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  • Preface to a Thesis

    Communication, Communication Design

    [section 01] - 1st draft

    On Christmas day in 1987, a grenade exploded in the small coffee farming town of Matagalpa in the Central American country of Nicaragua. Though now a distant event, both in time and space, back then the shock waves of that explosion reverberated all the way back to Canada and and its debris found a place on the front pages of every national newspaper. For most in Canada the news was of a Canadian social worker violently killed in what appeared to be one strange accident with many unanswered questions. Back in Matagalpa, a sterile room held Jenny's body and with her, my inconsolable grief. As I looked out the window on the waking town, behind me the sun was beginning to break through the trees. Morning light had begun to fill the streets and with it came a new day, the end of a vigil, and the end of an unfulfilled life. Slowly, sunlight began to mingle with a mist that seemed to rise in the distance, and soon a brilliant rainbow enveloped the entire valley.

    How could it be that a scene so sublimely beautiful could be laid out before me while behind me lay the desolation of the deepest love I had ever felt? How could I turn my back on that pain to look upon a serenity that seemed to speak of a world of wonder and a future of promise? That morning I chose to find solace in the sunrise, if only with the hope that it might temper the cold of my grief and keep back a slowly creeping depression. In the end nothing could keep away the anguish that would l...

  • Not Here, but Now

    Poverty, Communication Design

    Amnesty_132_

    When the demands of Neoliberalism play havoc with our lives, it is time to fight back, and designers wield the sharpest tools.

    "Not Here, but Now" is an example of how sharp our designer tools can be. Not only for the fact this campaign is visually intelligent, but it was also a pro bono campaign, designed for Amnesty International (Switzerland), by Walker Werbeagentur.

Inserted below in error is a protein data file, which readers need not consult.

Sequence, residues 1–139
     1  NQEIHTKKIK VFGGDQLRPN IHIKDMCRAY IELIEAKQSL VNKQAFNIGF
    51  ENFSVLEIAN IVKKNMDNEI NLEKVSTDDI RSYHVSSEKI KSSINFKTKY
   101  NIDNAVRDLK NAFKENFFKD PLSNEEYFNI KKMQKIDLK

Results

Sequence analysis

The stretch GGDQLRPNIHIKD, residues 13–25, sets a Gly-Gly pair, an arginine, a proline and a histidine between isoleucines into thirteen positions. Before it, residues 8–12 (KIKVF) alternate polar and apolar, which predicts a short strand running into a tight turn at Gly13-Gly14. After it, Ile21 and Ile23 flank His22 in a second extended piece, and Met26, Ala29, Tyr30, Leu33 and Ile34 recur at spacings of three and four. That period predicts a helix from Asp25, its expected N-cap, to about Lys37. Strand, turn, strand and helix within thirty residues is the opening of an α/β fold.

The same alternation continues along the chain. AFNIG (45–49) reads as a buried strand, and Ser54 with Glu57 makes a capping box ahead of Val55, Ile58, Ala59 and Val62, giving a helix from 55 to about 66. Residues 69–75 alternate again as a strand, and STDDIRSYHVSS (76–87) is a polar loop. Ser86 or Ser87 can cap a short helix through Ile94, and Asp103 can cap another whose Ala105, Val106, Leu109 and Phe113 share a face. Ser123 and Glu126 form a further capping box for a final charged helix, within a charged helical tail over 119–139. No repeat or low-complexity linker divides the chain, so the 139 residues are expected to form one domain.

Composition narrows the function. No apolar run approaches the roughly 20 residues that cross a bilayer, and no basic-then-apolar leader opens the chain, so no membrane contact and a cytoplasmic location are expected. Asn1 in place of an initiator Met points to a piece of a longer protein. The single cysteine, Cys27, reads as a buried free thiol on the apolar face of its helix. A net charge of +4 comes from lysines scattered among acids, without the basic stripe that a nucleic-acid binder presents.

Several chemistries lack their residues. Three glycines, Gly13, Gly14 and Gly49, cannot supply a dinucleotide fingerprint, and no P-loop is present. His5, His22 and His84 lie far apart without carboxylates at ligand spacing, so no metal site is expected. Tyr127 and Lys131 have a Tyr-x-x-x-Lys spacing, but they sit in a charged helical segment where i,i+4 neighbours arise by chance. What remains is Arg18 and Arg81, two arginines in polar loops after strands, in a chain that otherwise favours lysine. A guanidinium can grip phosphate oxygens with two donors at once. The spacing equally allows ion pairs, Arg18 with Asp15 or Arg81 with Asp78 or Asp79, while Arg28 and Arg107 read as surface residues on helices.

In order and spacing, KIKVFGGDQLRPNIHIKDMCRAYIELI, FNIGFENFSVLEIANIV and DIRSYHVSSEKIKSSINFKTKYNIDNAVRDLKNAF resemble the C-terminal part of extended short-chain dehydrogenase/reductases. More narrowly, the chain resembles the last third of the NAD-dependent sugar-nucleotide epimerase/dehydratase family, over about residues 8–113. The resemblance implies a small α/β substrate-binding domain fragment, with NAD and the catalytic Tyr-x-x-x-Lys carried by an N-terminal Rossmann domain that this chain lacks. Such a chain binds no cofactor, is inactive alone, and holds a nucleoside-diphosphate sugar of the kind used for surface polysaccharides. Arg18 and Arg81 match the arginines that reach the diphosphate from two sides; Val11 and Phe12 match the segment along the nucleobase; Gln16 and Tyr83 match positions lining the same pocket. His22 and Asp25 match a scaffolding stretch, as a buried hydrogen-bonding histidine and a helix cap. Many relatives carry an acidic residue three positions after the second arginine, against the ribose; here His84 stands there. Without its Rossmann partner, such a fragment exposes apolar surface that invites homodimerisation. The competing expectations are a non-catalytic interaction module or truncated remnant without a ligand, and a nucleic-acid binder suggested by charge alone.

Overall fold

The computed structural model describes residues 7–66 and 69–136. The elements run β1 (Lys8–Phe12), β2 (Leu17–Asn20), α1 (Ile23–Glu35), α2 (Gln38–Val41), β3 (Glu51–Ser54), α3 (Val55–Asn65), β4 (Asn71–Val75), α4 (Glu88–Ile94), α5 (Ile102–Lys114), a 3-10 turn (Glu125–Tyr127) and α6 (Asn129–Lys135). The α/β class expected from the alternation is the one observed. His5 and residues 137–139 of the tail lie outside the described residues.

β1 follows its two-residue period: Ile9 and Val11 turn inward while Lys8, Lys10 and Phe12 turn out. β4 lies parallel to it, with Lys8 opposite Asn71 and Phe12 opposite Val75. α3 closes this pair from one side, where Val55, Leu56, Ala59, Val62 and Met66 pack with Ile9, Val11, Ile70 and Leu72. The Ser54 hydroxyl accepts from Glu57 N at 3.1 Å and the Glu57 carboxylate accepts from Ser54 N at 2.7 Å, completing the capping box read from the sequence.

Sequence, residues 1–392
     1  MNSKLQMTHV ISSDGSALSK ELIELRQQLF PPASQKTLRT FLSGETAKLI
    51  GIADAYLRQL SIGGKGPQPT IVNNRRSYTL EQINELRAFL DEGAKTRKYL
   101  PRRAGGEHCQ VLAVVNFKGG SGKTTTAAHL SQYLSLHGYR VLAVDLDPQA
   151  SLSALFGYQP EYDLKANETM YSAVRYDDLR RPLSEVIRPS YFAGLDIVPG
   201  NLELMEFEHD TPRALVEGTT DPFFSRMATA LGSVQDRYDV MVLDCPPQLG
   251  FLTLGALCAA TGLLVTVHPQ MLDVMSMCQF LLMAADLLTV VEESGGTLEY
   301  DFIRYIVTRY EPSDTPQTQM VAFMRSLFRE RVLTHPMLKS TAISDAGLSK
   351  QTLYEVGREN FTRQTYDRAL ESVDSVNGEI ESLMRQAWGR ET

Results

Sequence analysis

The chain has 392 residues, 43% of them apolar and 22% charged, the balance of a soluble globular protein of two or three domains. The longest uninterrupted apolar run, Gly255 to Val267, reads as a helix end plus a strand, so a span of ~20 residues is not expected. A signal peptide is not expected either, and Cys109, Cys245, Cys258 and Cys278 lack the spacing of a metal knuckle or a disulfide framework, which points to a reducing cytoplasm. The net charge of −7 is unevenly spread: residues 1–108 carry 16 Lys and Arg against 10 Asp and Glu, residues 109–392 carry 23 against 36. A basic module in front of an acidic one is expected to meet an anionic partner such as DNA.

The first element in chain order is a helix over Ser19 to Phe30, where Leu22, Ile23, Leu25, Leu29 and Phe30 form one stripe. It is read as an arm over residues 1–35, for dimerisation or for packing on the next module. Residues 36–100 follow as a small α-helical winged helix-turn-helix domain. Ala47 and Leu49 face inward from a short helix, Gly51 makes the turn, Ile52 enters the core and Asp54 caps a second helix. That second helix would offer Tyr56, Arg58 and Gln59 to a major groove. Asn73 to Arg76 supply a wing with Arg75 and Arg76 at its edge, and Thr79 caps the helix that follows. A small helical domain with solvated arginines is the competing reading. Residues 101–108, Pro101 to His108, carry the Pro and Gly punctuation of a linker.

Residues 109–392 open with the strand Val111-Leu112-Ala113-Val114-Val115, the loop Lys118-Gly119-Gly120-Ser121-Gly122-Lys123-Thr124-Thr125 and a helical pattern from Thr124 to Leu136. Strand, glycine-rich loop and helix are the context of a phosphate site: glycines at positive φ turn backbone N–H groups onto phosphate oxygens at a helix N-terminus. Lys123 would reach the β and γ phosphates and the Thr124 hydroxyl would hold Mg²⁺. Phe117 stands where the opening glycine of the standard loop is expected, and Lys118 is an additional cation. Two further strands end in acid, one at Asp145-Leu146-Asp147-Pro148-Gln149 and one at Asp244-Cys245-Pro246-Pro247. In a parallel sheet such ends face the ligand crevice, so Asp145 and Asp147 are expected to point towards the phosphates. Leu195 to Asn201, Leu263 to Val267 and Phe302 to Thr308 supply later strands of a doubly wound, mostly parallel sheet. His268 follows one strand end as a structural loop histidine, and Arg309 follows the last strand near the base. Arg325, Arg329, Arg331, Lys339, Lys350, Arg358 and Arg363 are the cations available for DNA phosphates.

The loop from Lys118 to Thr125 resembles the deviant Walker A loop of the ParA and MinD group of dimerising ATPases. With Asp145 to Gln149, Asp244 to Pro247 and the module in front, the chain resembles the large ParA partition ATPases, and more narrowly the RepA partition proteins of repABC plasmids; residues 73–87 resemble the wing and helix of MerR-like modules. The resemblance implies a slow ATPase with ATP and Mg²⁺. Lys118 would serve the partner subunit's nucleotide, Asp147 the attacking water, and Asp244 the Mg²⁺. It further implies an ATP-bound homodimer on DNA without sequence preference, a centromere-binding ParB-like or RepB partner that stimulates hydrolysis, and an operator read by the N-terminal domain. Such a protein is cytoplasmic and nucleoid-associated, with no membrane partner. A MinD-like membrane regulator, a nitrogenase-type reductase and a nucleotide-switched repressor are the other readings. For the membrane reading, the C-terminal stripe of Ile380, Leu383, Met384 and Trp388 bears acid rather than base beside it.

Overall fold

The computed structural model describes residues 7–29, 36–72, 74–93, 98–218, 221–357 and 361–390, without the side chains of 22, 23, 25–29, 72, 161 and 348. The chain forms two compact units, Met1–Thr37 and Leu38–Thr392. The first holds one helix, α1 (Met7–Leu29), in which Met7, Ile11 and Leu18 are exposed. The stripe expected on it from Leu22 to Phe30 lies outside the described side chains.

References:

  • What to Wear to Fashion Week

    Environment, Fashion Design

    Indian_silk_177_

    Another round of fashion week shows are upon us, and I will be attending several collections in order to assess the trend towards sustainable eco-fibers in garment production. I am not at all a fashionista, but given that I have an interest in textiles, environmental installation work, and the environment, this is an inevitable foray into territory that shares certain threads with my own practice.

    A friend asked me yesterday, "What I would wear to NY Fashion Week?", and honestly, the thought had not crossed my mind. Must one wear eco-fibers to an eco-oriented fashion show? Will folks know if I am wearing conventional cotton rather than organic cotton? Will I get extra point for sporting the new 'bamboob bra"?

    I think that I will wear an old Pucci knock-off dress, as this is as sustainable as I can get on short notice. Purely vintage and recycled from my mother-in-law's closet, it is totally sustainable or at least multi-generational, no?

    EarthPledge's FutureFashion show is really uppping the ante this year. All the big names are contributing a piece. I am so curious to see whether Givenchy will take on hemp? Or whether Marc Jacobs will play by the rules?

    Rodarte, the team that some are cailling the new Sustainable Sartorialists, also promise to put on quite the eco-fete.

    I am hoping that 'what to wear' also translates to 'what to be weary of' as we learn more and more about what constitutes real style and our shared runway with the best of nature.

    ...
  • Designing the Revolution

    Community, Audio/Visual Design

    Originally published here by the Groundswell Collective.

    Alix Rule recently penned an article titled The Revolution Will Not Be Designed for In These Times. The article centers around a criticism of Stanford's Hasso Plattner Institute of Design for their consideration that design - or more precisely, design thinking - is a "powerful corrective force" in addressing social problems. I invest considerable time, effort, and money in designing for social change, so when I first stumbled upon the article I was outraged. After a closer look, though, and after mulling over Alix's arguments, I began to see that she may be right on some accounts.